Ground-State Particles
 Tampan, Paminggir people. Lampung region of Sumatra, near Semangka Bay, 19th century, 64 x 64 cm. Photograph by D Dunlop. From the library of Darwin Sjamsudin, Jakarta.

Let particle P be characterized by some repetitive chain of events

$\Psi ^{\sf{P}} = \left( \sf{\Omega}_{\sf{1}}, \sf{\Omega}_{\sf{2}}, \sf{\Omega}_{\sf{3}} \ \ldots \ \right)$

where each orbital cycle is a bundle of $N$ quarks

$\sf{\Omega}^{\sf{P}} = \left\{ \sf{q}^{\sf{1}}, \sf{q}^{\sf{2}} \ldots \sf{q}^{\it{i}} \ldots \sf{q}^{\it{N}} \right\}$

and each quark is described by its phase $\delta _{\theta} = \pm 1$ which depends on the reference frame. Use the phase to sort quarks into a pair of compound quarks $\mathcal{S}_{\LARGE{\circ}}$ and $\mathcal{S}_{\LARGE{\bullet}}$ called phase-components so that

$\sf{\Omega}^{\sf{P}} = \left\{ \mathcal{S}_{\LARGE{\circ}}, \mathcal{S}_{\LARGE{\bullet}} \right\}$

These two phase-components are out of phase with each other, so

$\delta_{\theta} \left( \mathcal{S}_{\LARGE{\circ}} \right) = - \, \delta_{\theta} \left( \mathcal{S}_{\LARGE{\bullet}} \right)$

Definition: if P has perfect phase symmetry then both sets are composed from the same selection of quarks

$\mathcal{S}_{\LARGE{\circ}} = \mathcal{S}_{\LARGE{\bullet}}$

and we say that P is in its ground state. By this definition, we cannot make a ground-state model of P unless all of $\sf{\Omega}$'s quark coefficients are integer multiples of two. Now consider assessing the radius $\overline{\rho}$ of a particle in its ground-state. Since $\mathcal{S}_{\LARGE{\circ}} = \mathcal{S}_{\LARGE{\bullet}}$ we can drop the subscript to write

$\overline{\rho} \left( \mathcal{S}_{\LARGE{\circ}} \right) = \overline{\rho} \left( \mathcal{S}_{\LARGE{\bullet}} \right) = \overline{\rho}^{\mathcal{S}}$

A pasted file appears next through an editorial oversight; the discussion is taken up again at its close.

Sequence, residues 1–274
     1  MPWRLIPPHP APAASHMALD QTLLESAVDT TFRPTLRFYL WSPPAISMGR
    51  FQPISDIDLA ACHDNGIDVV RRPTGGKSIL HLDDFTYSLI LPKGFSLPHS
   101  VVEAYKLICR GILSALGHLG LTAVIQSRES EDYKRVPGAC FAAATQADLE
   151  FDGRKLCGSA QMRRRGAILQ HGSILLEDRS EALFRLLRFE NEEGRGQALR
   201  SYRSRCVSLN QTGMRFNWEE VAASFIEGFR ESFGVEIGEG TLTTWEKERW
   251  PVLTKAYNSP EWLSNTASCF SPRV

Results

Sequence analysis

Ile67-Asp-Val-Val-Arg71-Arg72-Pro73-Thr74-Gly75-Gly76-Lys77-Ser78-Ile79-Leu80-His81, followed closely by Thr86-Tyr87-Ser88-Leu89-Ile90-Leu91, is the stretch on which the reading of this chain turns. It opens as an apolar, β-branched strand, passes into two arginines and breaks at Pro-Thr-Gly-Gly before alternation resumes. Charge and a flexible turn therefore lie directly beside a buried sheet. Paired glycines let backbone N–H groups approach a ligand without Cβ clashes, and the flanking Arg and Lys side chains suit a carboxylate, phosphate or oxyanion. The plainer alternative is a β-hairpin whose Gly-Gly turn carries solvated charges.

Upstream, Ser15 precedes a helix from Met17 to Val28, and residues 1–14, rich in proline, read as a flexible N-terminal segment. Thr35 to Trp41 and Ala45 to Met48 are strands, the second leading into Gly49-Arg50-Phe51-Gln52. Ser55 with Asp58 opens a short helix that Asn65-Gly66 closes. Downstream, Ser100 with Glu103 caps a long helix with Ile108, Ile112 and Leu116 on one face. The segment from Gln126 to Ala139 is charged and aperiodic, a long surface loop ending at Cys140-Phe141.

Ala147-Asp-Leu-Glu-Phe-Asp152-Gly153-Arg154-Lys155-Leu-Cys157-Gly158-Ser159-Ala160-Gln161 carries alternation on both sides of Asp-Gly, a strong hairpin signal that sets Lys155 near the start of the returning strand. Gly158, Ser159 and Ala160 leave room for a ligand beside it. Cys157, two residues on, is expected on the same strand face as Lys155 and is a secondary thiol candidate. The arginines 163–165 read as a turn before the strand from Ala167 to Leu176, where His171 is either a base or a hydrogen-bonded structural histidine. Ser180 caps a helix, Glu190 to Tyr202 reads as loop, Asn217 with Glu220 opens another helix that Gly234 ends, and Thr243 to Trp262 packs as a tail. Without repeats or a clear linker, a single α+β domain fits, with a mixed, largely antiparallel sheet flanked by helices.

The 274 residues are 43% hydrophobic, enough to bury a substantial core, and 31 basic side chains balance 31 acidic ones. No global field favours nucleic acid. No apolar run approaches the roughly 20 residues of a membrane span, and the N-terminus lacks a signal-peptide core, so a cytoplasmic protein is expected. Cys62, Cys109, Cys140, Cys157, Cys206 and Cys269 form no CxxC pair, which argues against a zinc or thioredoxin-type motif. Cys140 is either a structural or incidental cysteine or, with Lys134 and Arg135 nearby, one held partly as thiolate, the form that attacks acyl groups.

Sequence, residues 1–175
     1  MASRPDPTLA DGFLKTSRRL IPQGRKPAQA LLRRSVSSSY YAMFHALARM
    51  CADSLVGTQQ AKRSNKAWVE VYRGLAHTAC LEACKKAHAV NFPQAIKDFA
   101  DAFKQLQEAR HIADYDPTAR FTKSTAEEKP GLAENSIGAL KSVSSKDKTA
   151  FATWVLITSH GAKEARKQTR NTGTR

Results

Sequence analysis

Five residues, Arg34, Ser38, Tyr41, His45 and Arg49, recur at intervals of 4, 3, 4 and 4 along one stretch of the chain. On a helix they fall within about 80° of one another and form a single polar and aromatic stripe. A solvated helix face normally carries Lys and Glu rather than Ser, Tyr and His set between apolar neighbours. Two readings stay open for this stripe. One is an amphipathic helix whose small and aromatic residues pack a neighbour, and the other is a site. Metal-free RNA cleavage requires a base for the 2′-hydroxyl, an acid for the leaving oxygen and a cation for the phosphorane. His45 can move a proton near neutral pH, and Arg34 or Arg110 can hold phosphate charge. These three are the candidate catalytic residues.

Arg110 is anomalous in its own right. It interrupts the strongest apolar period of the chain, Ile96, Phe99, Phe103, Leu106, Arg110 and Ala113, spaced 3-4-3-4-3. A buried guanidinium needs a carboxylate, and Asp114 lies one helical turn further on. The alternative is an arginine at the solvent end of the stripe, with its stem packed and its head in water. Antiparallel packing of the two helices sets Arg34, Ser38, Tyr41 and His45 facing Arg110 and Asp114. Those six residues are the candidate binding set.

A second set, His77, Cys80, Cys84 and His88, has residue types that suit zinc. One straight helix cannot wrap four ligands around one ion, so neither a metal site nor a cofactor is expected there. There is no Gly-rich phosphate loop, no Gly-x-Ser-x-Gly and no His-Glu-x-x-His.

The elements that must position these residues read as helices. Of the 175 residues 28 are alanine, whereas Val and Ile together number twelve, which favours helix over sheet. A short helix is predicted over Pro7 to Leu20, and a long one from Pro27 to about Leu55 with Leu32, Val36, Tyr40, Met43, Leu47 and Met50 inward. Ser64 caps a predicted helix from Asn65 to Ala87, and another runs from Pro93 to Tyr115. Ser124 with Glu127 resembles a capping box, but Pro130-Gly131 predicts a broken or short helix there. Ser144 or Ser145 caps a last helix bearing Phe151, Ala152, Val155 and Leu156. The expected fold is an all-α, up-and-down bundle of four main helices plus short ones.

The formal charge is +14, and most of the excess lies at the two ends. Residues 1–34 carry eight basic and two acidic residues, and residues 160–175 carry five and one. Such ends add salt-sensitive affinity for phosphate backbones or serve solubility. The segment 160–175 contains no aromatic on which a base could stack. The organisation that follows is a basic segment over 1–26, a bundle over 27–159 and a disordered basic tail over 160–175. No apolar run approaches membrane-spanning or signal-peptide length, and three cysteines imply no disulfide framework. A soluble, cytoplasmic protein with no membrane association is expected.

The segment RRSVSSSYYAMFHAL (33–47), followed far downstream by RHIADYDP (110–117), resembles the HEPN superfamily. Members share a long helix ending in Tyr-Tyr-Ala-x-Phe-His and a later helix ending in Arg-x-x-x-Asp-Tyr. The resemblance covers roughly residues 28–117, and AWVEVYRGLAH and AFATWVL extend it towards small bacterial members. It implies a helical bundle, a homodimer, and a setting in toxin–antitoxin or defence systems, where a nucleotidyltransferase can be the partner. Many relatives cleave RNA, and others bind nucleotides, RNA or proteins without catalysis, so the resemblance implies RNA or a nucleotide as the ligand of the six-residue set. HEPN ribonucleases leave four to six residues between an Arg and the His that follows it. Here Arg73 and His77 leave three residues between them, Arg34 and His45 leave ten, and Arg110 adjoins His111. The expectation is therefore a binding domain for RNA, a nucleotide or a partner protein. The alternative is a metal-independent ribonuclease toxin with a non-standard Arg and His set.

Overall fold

Then recall that $\overline{\rho}$ is defined from sums and differences of quark coefficients, and quarks are indestructible. So by the of addition and subtraction $\overline{\rho}^{\sf{P}} = \overline{\rho} \left( \mathcal{S}_{\LARGE{\circ}} \right) + \overline{\rho} \left( \mathcal{S}_{\LARGE{\bullet}} \right) =2 \overline{\rho}^{\mathcal{S}}$ and the radius of P is twice the radius of $\mathcal{S}$. Let us also evaluate the wavevector of a free particle P which is given by the sum

\begin{align} \overline{ \kappa }^{ \sf{P}} = \frac{2 \pi k_{\sf{F}}}{hc} \sum_{i=1}^{N} \delta _{\theta}^{\, i} \, \bar{\rho}^{i} = \frac{2 \pi k_{\sf{F}}}{hc} \left[ \delta_{\theta} \left(\mathcal{S}_{\LARGE{\circ}} \right) \overline{\rho} \left( \mathcal{S}_{\LARGE{\circ}} \right) + \delta_{\theta} \left( \mathcal{S}_{\LARGE{\bullet}} \right) \overline{\rho} \left( \mathcal{S}_{\LARGE{\bullet}} \right) \vphantom{\Sigma^{2}} \right] = \frac{2 \pi k_{\sf{F}}}{hc} \left[ \delta_{\theta} \left(\mathcal{S}_{\LARGE{\circ}} \right) + \delta_{\theta} \left( \mathcal{S}_{\LARGE{\bullet}} \right) \vphantom{\Sigma^{2}} \right] \overline{\rho}^{\mathcal{S}} \end{align}

But the two components are out-of-phase, so $\delta_{\theta} \left( \mathcal{S}_{\LARGE{\circ}} \right) = - \, \delta_{\theta} \left( \mathcal{S}_{\LARGE{\bullet}} \right)$ and $\overline{ \kappa }^{ \sf{P}} = (0, 0, 0)$. Thus the wavenumber of a particle in its ground-state is always zero.

 Next step: photons.
page revision: 185, last edited: 06 Jan 2018 00:47
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